Authenticate to Azure Communication Services

Every client interaction with Azure Communication Services needs to be authenticated. In a typical architecture, see client and server architecture, access keys or Azure AD authentication are used for server-side authentication.

Another type of authentication uses user access tokens to authenticate against services that require user participation. For example, the chat or calling service utilizes user access tokens to allow users to be added in a thread and have conversations with each other.

Authentication Options

The following table shows the Azure Communication Services SDKs and their authentication options:

SDK Authentication option
Identity Access Key or Azure AD authentication
SMS Access Key or Azure AD authentication
Phone Numbers Access Key or Azure AD authentication
Email Access Key or Azure AD authentication
Calling User Access Token
Chat User Access Token

Each authorization option is briefly described below:

Access Key

Access key authentication is suitable for service applications running in a trusted service environment. Your access key can be found in the Azure Communication Services portal. The service application uses it as a credential to initialize the corresponding SDKs. See an example of how it is used in the Identity SDK.

Since the access key is part of the connection string of your resource, authentication with a connection string is equivalent to authentication with an access key.

If you wish to call Azure Communication Services' APIs manually using an access key, then you will need to sign the request. Signing the request is explained, in detail, within a tutorial.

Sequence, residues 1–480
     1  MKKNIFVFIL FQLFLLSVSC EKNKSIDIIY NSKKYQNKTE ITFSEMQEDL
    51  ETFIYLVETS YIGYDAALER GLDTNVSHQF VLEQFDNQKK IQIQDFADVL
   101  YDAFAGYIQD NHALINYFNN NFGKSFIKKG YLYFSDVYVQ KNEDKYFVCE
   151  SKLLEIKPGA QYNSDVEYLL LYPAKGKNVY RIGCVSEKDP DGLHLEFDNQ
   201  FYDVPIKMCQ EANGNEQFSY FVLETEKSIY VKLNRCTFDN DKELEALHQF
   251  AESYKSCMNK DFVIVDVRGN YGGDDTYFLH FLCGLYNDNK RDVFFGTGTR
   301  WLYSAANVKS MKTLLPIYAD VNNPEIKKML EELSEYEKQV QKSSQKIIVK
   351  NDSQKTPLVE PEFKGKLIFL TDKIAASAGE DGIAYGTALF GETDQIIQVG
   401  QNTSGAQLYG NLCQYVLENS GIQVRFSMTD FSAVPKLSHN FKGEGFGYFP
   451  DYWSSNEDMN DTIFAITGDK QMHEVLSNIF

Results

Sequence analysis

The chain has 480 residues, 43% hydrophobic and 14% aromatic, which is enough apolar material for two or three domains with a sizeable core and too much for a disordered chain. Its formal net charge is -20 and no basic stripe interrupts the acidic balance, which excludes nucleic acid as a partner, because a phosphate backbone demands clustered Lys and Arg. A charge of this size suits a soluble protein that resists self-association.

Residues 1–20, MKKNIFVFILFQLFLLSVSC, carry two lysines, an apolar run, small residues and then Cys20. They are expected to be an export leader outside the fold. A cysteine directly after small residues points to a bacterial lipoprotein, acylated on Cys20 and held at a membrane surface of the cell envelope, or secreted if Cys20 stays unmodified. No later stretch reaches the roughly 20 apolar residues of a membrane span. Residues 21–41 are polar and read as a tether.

Azure AD authentication

The Azure platform provides role-based access (Azure RBAC) to control access to the resources. Azure RBAC security principal represents a user, group, service principal, or managed identity that is requesting access to Azure resources. Azure AD authentication provides superior security and ease of use over other authorization options. For example, by using managed identity, you avoid having to store your account access key within your code, as you do with Access Key authorization. While you can continue to use Access Key authorization with communication services applications, Microsoft recommends moving to Azure AD where possible.

To set up a service principal, create a registered application from the Azure CLI. Then, the endpoint and credentials can be used to authenticate the SDKs. See examples of how service principal is used.

Communication services support Azure AD authentication but do not support managed identity for Communication services resources. You can find more details, about the managed identity support in the Azure Active Directory documentation.

Use our Trusted authentication service hero sample to map Azure Communication Services access tokens with your Azure Active Directory.

User Access Tokens

User access tokens are generated using the Identity SDK and are associated with users created in the Identity SDK. See an example of how to create users and generate tokens. Then, user access tokens are used to authenticate participants added to conversations in the Chat or Calling SDK. For more information, see add chat to your app. User access token authentication is different compared to access key and Azure AD authentication in that it is used to authenticate a user rather than a secured Azure resource.

Using identity for monitoring and metrics

The user identity is intended to act as a primary key for logs and metrics collected through Azure Monitor. If you'd like to get a view of all of a specific user's calls, for example, you should set up your authentication in a way that maps a specific Azure Communication Services identity (or identities) to a singular user. Learn more about log analytics, and metrics available to you.

Next steps

For more information, see the following articles: